New research on sexual harassment in the workplace
You would be mistaken to think that Sexual Harassment in the workplace amongst women has decreased in recent years, as recent figures from a study conducted by the Trades Union Congress and the Everyday Sexism Project show the exact opposite, with 2/3 of women aged 18-24 stating they have been Sexually Harassed.
According to the survey of 1,553 women, 1 in 8 reported they had been on the receiving end of unwanted touching of genitals, breasts and their bottom including advances to kissing. One fifth of the women reported that they had been subjected to harassment by their boss or someone with authority over them. Despite these shocking findings, 4 in 5 of the women surveyed said they not reported the incidents due to fears it would harm their relationships and situation at work because their claims would not be taken seriously.
What is Sexual Harassment?
Harassment involves “unwanted conduct that has the purpose or effect of violating a person’s dignity or creating an offensive, intimidating or hostile environment”. In practice, Sexual Harassment takes the form of inappropriate suggestive comments, jokes about an individual’s sex life or sexual touching, the circulation of pornography in the office or workplace, and demands for sexual favours.
The Labour party supports the survey by TUC, following the outcome that it has produced some of the most informative results on the subject in recent years. Similarly, the party champions the movement to re-introduce parts of the Equality Act 2010 that deals specifically with Sexual Harassment in the workplace.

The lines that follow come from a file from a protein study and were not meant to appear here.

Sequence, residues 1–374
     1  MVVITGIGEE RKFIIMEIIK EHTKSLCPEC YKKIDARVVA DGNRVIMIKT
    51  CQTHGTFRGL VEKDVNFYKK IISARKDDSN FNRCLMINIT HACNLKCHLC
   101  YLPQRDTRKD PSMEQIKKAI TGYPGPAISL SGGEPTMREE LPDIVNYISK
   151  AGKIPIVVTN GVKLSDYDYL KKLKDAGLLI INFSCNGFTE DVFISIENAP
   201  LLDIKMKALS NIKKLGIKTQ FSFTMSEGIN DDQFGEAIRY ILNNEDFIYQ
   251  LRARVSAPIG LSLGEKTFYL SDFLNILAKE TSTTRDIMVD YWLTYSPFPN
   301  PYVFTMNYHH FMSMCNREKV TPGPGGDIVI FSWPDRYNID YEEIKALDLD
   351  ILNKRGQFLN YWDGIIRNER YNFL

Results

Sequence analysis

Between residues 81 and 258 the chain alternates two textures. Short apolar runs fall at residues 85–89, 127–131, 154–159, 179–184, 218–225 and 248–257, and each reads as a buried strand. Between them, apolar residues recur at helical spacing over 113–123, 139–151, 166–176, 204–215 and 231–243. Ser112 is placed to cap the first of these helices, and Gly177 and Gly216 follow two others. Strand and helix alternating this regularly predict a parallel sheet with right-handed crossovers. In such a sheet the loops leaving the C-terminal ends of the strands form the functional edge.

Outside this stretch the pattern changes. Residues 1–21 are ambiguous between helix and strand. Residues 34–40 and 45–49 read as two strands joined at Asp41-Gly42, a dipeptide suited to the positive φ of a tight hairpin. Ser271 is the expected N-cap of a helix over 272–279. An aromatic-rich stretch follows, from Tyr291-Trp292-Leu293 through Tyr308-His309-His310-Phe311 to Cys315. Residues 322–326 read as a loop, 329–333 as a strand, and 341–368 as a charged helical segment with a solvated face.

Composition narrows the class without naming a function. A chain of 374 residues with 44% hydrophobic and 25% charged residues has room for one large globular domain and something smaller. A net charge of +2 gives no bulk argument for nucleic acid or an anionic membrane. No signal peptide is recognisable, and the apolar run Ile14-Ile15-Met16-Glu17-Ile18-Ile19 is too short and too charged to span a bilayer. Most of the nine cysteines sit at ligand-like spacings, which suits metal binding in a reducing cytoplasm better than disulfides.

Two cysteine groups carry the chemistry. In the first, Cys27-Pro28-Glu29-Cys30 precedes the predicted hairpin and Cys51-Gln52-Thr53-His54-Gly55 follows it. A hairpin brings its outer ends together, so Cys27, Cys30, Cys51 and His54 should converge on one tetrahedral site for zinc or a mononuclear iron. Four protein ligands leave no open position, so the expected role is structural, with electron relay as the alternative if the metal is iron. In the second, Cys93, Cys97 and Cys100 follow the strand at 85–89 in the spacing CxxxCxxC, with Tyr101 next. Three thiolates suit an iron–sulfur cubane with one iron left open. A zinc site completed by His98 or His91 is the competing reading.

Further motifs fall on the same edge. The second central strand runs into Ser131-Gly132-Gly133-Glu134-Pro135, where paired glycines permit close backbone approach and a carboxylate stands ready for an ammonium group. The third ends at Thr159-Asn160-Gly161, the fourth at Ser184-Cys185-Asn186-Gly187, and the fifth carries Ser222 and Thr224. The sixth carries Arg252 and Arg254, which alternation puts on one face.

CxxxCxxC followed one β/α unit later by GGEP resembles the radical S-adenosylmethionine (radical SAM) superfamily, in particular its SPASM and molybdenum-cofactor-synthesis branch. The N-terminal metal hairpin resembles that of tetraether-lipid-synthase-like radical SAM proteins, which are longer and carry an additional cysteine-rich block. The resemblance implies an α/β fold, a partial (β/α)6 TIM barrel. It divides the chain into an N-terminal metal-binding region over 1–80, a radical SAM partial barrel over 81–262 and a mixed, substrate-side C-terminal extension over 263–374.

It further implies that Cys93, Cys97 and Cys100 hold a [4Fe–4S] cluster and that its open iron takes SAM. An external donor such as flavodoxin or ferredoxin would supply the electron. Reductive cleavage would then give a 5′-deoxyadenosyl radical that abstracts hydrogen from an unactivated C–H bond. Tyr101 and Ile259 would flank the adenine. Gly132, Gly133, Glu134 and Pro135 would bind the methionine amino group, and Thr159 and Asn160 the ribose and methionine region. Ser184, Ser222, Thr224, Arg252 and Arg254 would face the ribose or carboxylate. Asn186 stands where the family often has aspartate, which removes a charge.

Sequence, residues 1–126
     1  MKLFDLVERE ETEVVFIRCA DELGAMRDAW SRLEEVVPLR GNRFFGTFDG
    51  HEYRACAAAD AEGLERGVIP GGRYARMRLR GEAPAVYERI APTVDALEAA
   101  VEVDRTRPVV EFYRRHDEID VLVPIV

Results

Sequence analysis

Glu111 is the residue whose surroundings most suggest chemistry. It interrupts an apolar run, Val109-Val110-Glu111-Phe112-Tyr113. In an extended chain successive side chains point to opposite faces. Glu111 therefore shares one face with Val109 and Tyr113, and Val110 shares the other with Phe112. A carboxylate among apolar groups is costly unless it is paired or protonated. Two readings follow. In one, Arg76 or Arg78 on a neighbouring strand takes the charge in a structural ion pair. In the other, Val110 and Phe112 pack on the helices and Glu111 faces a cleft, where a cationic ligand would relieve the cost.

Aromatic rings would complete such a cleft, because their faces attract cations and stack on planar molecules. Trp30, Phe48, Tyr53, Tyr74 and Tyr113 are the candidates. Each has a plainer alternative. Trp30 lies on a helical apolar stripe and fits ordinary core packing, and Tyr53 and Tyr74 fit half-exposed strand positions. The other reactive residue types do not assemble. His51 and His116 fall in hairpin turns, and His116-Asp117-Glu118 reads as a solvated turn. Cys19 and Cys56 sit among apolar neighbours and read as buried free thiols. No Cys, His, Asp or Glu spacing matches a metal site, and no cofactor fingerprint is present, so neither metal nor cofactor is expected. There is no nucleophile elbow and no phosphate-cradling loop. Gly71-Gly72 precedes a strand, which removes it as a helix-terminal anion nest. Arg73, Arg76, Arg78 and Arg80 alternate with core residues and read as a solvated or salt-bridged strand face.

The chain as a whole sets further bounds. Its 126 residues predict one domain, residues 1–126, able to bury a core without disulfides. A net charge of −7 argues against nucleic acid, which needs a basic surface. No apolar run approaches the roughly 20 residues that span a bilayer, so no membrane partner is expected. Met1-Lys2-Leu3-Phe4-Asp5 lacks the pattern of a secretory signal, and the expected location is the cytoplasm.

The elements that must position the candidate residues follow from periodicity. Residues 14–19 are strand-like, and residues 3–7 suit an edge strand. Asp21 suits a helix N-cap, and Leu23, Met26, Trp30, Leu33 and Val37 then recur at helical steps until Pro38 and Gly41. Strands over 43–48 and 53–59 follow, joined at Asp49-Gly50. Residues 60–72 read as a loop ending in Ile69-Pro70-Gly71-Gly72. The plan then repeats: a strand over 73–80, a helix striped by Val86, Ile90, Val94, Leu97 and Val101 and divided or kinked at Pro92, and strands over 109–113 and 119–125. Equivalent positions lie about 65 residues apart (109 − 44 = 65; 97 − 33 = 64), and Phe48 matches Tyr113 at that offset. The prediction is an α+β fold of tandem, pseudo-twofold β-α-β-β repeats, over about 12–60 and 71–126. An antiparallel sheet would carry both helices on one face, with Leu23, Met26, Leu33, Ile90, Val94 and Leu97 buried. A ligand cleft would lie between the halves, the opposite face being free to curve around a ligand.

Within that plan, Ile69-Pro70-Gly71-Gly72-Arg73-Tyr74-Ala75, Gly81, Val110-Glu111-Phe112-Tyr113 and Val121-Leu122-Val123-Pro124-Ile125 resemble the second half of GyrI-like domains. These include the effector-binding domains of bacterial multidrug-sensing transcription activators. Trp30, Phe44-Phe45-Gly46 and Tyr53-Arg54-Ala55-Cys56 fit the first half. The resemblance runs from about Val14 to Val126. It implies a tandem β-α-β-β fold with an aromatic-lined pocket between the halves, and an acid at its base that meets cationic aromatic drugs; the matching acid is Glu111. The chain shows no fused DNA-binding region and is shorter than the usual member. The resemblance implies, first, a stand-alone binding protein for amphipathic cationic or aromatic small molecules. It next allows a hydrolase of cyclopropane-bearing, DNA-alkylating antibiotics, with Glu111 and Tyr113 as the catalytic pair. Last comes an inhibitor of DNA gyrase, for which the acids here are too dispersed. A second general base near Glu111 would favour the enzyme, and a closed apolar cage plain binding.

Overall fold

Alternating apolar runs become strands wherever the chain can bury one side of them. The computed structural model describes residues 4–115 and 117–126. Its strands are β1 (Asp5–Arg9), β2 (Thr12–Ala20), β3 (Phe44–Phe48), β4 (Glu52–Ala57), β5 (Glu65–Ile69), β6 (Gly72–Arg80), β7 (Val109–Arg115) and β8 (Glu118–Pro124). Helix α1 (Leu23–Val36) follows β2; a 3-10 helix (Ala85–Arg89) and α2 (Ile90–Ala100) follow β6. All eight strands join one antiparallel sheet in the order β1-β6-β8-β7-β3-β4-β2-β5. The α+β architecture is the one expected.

Is an employer liable for the sexual harassment of its employees?
If an employee is sexually harassed by a colleague in the workplace then in short, the answer is yes. Often the first an employer knows about harassment is when an employee puts in a written grievance or goes off sick with stress. By this stage, it may be too late to avoid liability. A tribunal claim for discrimination under the Equality Act can cost a business a lot of time, money and reputational damage as well as a knock on impact to staff morale and difficulty in recruitment. Some organisations who apply for work via tenders could find that a history of claims for discrimination can prevent them from being successful at the PQQ stage.
Practical steps an employer can take to reduce the risk of a costly claim:
- Create a culture of respect and dignity in the workplace and don’t condone bad behaviour.
- Ensure employees are given a staff handbook, including policies on equal opportunities and harassment, making clear what is considered acceptable behaviour and what is not.
- Provide training on anti- harassment measures. This may help managers avoid inappropriate questions at interviews, or to recognise and deal with harassment at an early stage.
- Have a clear bullying and harassment and grievance procedure for employees to raise concerns and complaints, and for dealing with complaints. Ensure discriminatory behaviour is not tolerated and is dealt with through proper disciplinary measures.
- Review employment contracts and policies to ensure they comply with the law.
One thing the survey does show is that Sexual Harassment is still very much alive, especially for women. It would be interesting to see if a survey emerges for men in the workplace regarding this subject, and what their experiences have been.
What is your personal experience? have you ever been the victim of Sexual Harassment, or Harassment in general where you work?